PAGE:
Thokcha

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"Thunderbolt iron" redirects here. For other uses, see Meteoric iron.

Thokcha (Tibetan: ཐོག་ལྕགསWylie: thog lcags;[1] also alternatively Tibetan: གནམ་ལྕགསWylie: gnam lcags[2]) "sky-iron" are tektites and meteorites which are often high in iron content, refer iron meteorite.[3] The usage of meteoric iron is common in the history of ferrous metallurgy. Historically, thokchas were held in esteem for sacred metallurgical fabrication of weapons, musical instruments and sacred tools, e.g. phurba. Their inclusion as an auspicious addition in the metallurgical fabrication of sacred objects cast of Panchaloha is documented. The term has also come to denote ancient metal objects which serve as amulets made from thokcha. They are traditionally held to be endowed with magic and protective power and in this respect are comparable to Tibetan Dzi beads.

Beer (1999: p. 234) holds that:

"Meteoric iron or 'sky-iron' (Tib. gnam lcags) is the supreme substance for forging the physical representation of the vajra or other iron weapons, since it has already been tempered by the celestial gods in its passage across the heavens. The indivisibility of form and emptiness is a perfect metaphor for the image of a meteorite or 'stone fallen from the sky', manifesting out of the voidness of space as a shooting star or fireball, and depositing a chunk of fused 'sky iron' on the earth below. Many vajras held by deities as weapons are described as being forged from meteorite iron, and Tibet, with its high altitude, thin atmosphere and desolate landscape, received an abundance of meteorite fragments. Tibetan vajras were often cast from meteorite iron, and as an act of sympathetic magic a piece of the meteoric iron was often returned to its original site."[4]

Tibetan thokcha in the shape of a small arch. It may originally have been a tool serving for opening knots in leather straps which secured pack animal loads.[5]
Tibetan thokcha
Tibetan thokcha, showing crouching lion in centre

Age[edit]

One can roughly divide the thokchas into two groups, the first comprising objects of pre-Buddhist period (from about 1000 BC until 900 AD), the second belonging to the Buddhist period (after 7th century AD), the two periods slightly overlapping. Some of the early thokchas may be related to the Tibetan Zhang zhung culture.

Types of thokchas[edit]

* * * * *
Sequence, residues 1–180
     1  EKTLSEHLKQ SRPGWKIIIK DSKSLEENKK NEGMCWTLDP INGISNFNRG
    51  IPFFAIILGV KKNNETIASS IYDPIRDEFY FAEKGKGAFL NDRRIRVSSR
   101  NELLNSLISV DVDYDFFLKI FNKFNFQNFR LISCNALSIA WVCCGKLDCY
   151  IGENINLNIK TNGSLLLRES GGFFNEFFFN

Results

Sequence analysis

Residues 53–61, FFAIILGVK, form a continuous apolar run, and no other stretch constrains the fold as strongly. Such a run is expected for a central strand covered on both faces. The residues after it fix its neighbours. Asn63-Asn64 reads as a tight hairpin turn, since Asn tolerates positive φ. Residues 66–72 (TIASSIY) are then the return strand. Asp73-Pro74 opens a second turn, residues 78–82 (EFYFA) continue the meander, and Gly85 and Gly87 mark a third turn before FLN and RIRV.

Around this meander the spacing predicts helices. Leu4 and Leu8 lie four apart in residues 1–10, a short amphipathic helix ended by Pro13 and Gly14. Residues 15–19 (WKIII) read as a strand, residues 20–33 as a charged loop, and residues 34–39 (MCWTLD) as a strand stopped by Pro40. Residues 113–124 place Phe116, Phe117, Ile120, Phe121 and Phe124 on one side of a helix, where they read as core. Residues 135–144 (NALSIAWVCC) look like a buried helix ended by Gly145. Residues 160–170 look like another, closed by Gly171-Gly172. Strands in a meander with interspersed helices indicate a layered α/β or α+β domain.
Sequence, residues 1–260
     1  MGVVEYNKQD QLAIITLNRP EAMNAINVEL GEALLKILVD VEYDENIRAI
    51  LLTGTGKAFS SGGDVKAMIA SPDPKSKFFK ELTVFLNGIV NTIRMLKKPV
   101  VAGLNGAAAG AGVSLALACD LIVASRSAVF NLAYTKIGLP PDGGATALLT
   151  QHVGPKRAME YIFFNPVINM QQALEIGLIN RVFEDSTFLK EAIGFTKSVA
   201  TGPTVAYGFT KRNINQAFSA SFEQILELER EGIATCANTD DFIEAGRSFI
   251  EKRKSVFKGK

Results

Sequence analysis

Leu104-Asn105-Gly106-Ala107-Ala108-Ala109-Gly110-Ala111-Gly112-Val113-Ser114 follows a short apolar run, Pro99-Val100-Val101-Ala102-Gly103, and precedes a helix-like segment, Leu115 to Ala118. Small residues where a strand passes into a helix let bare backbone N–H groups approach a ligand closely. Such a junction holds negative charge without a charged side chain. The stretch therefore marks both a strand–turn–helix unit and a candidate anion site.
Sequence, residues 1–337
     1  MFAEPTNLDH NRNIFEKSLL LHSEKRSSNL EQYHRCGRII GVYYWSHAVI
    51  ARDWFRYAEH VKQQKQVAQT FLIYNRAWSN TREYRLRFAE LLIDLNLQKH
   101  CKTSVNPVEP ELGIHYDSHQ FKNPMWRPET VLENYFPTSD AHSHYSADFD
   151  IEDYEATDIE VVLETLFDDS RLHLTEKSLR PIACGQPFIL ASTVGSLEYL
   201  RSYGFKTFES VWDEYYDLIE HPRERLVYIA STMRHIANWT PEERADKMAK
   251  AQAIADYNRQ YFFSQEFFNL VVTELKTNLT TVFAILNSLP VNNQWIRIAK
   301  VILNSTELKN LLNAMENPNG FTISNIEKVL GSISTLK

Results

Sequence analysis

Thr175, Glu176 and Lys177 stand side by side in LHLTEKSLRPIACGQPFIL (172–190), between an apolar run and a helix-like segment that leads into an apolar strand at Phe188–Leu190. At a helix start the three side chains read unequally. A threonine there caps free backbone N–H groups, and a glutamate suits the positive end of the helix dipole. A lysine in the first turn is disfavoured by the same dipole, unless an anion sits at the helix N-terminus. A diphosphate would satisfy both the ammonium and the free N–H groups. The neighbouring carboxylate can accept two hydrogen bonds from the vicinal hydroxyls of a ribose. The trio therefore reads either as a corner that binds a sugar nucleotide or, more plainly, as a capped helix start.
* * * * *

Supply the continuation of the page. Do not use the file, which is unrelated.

Thokchas are metal objects which can have a length of about 2–15 centimetres (0.79–5.91 in). Originally they can have had a practical use such as having been part of horse harnesses, or having served as buckles, fibulae or arrow heads. They can have served as adornment for clothes or objects of daily use like lighters and purses. Thokchas can represent mythological and real animals or deities from Tibet’s Bön or Buddhist religion. Many are of a more abstract form and the meaning of these pieces remains uncertain.

Popular belief[edit]

The word thokcha is composed of two words, thog meaning above, first or thunderbolt and lcags meaning iron or metal. The meaning of thokcha can thus be given as “first or original iron” or “thunderbolt iron”. The popular belief is that thokchas can be formed naturally or magically when a thunderbolt strikes the earth. According to other beliefs tokchas are composed of meteoritical metal and found by chance on or under the ground by a lucky person. However, most of the thokchas were intentionally designed as amulets and are made of a copper alloy.[6]

See also[edit]

Notes[edit]

  1. ^ Bellezza, John Vincent (March, 1999). Thogchags: The Ancient Amulets of Tibet. Source: [1] (accessed: Wednesday April 14, 2010)
  2. ^ Dharma Dictionary (December, 2005). 'gnam lcags'. Source: [2] (accessed: Thursday April 15, 2010)
  3. ^ Bellezza, John Vincent (2005, 2008). Spirit-mediums, sacred mountains, and related Bon textual traditions in upper Tibet: calling down the gods. Volume 8 of Brill's Tibetan studies library. Brill. NB: 2005 original from University of Michigan, digitized October 2, 2008. ISBN 90-04-14388-2, ISBN 978-90-04-14388-3
  4. ^ Beer, Robert (1999). The Encyclopedia of Tibetan Symbols and Motifs (Hardcover). Shambhala. ISBN 1-57062-416-X, ISBN 978-1-57062-416-2. Source: [3] (accessed: Thursday April 15, 2010), p.234
  5. ^ Weihreter, Hans: thog-lcags. Geheimnisvolle Amulette Tibets. PDF-Dokument, Edition Kyung, Augsburg, 2002
  6. ^ Bellezza, John:http://www.asianart.com/articles/thogchags/index.html

References[edit]

  • Anninos, Toni: Tokches – Images of Change in Early Buddhist Tibet. In: Orientations, October 1998, p. 93sqq.
  • Anninos, Toni: The Ancient Amuletts of Tibet - Thokcha. The Max Maxwell Collection, San Francisco, 2000.
  • Bellezza, John Vincent: "thog lcags" The Tibet Journal, vol. 19 (1), Dharamsala, 1994, p. 92-97.
  • Bellezza, John Vincent: "Thogchags:Talismans of Tibet". Arts of Asia, vol. 28, no. 3, May–June, 1998, p. 44-64.
  • John, Gudrun: Tibetische Amulette aus Himmelseisen - Das Geheimnis der Toktschaks. VML-Verlag, Raden/Westf., 2006
  • Lin, Tung-Kuang, Antique Tibetan Thogchags and Seals. The Art of Tibet, Taipei, 2003.
  • Weihreter, Hans: thog-lcags. Geheimnisvolle Amulette Tibets. PDF-Dokument, Edition Kyung, Augsburg, 2002.

External links[edit]